Climate change is having a huge impact on coffee production around the globe. On this page, we are going to take a little look at climate change effects on coffee production.
Coffee is, of course, a plant. Plants learn to adapt to the environment that they grow in. Over the years, coffee producers have worked hard to ensure that the coffee plants that they use are some of the best around. They want plants which are able to give the best possible yields. The problem is, the plants do not adapt to change all that well. It takes years. Just a small increase in temperature can drastically change the amount of coffee that particular plant is able to produce. Lower yields mean less profit for the growers. This means that they have to turn to alternate methods to boost their overall growth yield, which can lead to huge problems for the environment.
It isn’t just temperature change, either. The weather is becoming a lot more unpredictable. In the past, it would be fairly easy to predict when the extreme weather is going to hit. This is no longer possible. Coffee crops are being hit by rainfall events out of season. This, again, is going to have a drastic impact on the yield of the crop. In fact, in recent years, the amount of coffee produced by India has dropped by 30%. This is due to severe climate change. Indians crops, at the time of writing, do not show any sign of recovering.
Vietnam, the second biggest coffee producer in the world, has also been impacted, albeit in a slightly different way. Instead of receiving uncharacteristic rain, they are going through a prolonged period of drought. This means that there is not enough water to keep their crops thriving. In addition to this, the average temperature for the country has plummeted in recent years. The plants are not able to adapt to this, with many of them dying off or just not producing the coffee that is needed.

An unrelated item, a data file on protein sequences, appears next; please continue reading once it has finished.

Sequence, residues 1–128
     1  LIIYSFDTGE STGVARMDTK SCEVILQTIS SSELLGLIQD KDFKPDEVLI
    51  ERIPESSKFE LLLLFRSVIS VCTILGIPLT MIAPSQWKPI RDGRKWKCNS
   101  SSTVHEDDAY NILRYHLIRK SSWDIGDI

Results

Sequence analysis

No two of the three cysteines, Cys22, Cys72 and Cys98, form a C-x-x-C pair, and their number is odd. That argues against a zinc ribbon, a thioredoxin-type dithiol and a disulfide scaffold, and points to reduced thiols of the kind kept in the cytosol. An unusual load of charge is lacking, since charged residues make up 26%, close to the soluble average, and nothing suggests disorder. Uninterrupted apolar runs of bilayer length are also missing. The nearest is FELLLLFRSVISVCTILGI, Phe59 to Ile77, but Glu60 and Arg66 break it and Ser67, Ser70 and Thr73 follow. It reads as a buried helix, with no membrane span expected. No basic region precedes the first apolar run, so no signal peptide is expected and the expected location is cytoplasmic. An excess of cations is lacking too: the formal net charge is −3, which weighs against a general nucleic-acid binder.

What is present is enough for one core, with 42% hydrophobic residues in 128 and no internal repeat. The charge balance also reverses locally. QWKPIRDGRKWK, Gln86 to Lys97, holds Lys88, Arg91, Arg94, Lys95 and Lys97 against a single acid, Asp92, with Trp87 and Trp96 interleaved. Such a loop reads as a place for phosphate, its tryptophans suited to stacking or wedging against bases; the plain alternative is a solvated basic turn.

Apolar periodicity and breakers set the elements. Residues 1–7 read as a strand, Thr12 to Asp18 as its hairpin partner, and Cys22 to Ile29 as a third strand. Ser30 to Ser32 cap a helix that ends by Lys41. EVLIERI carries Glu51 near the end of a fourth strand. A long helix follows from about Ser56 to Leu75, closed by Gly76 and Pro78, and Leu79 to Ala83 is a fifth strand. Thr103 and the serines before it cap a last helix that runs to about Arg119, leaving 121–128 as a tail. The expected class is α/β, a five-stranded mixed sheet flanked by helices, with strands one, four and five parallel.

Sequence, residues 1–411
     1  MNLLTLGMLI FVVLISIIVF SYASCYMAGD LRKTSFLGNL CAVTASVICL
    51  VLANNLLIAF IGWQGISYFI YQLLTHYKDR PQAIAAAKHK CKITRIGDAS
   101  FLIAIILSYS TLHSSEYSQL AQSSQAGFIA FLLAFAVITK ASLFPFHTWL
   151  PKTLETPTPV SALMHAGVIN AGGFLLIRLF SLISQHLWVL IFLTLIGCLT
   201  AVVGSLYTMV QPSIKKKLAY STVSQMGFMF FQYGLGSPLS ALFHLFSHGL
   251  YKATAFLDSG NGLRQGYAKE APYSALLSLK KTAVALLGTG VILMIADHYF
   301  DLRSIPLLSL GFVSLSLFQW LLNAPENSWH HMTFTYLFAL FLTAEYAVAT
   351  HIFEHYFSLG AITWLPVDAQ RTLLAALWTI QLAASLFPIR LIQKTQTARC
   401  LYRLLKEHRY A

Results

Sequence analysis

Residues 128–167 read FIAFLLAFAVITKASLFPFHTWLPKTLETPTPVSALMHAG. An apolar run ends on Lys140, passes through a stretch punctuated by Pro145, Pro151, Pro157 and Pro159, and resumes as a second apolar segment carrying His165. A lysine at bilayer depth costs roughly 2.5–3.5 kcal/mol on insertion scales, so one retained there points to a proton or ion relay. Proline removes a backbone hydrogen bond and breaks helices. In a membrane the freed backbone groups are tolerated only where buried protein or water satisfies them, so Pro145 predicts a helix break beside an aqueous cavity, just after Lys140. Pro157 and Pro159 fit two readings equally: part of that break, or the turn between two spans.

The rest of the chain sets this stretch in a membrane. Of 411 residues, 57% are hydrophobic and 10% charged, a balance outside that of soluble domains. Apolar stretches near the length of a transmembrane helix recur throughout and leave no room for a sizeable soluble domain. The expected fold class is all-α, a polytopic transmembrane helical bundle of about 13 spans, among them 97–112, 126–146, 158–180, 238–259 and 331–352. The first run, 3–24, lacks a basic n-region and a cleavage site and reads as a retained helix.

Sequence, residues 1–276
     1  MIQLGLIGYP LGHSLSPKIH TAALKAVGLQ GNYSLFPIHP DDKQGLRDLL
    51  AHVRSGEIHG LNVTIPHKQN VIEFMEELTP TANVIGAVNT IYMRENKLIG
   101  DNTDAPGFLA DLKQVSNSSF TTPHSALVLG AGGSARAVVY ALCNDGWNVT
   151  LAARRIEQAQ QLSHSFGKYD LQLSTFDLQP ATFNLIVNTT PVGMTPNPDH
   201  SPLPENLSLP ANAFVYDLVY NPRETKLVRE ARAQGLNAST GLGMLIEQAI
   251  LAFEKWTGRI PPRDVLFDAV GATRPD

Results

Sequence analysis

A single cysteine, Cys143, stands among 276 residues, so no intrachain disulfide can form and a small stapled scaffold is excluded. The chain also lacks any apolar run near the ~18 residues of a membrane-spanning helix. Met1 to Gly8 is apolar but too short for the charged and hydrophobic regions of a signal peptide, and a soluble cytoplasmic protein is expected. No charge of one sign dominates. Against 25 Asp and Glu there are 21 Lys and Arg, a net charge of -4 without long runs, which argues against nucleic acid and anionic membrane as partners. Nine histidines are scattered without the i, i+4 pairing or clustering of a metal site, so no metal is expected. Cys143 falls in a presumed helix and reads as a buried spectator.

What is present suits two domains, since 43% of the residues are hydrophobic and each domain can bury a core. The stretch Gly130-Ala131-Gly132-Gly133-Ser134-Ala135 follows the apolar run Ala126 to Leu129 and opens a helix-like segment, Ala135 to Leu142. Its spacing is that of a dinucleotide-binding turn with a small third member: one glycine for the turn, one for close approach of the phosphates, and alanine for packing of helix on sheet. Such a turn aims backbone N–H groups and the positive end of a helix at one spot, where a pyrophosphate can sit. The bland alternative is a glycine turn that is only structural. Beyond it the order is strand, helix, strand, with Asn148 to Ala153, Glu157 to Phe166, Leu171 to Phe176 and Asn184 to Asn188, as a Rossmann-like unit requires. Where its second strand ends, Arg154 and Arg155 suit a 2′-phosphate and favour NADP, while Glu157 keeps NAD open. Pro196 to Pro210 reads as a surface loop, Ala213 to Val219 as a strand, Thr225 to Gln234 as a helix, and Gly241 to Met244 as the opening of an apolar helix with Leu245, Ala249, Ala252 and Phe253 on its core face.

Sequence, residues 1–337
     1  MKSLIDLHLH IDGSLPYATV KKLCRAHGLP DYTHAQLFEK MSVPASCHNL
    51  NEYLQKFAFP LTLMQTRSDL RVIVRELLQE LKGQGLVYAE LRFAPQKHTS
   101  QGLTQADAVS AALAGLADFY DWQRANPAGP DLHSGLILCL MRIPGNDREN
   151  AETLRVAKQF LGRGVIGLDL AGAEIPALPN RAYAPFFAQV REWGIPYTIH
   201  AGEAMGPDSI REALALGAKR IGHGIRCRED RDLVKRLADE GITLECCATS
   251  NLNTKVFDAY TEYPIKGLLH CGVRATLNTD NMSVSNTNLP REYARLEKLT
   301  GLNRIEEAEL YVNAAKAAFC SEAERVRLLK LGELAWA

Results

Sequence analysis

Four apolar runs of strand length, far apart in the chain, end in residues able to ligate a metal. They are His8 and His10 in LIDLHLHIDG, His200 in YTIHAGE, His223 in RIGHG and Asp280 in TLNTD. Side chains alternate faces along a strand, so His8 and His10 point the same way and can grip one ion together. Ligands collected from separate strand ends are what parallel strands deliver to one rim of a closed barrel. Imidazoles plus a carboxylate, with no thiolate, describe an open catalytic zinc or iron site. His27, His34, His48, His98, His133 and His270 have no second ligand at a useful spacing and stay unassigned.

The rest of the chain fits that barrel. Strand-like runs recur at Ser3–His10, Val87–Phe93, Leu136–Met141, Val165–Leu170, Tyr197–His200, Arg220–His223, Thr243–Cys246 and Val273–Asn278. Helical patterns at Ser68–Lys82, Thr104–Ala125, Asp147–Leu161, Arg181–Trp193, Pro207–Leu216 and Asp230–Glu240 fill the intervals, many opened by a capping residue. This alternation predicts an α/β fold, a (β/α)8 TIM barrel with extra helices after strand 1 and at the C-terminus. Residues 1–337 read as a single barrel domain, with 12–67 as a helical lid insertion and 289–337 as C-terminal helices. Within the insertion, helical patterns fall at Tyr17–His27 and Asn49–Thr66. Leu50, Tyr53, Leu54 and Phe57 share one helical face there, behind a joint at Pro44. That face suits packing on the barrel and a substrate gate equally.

In Central America, a disease called ‘leaf rust’ has hit crops. Nobody actually knows what kick-started this trend, however many scientists seem to be in agreement that leaf rust has spread so rapidly due to climate change. While this condition has yet to leave Central America, it is only a short time before it starts to impact crops around the globe, causing even more coffee shortages.
Of course, all of this has an impact on the end consumer. Those who consume coffee on a regular basis will have probably noticed that the prices of their favorite drink have risen sharply over the past few years. This is because coffee is becoming increasingly harder to get hold of. Since yields are lower, producers are having to charge top dollar in order to make their money back on it. This is likely to continue for many, many years to come. Things are only going to get worse from here on out.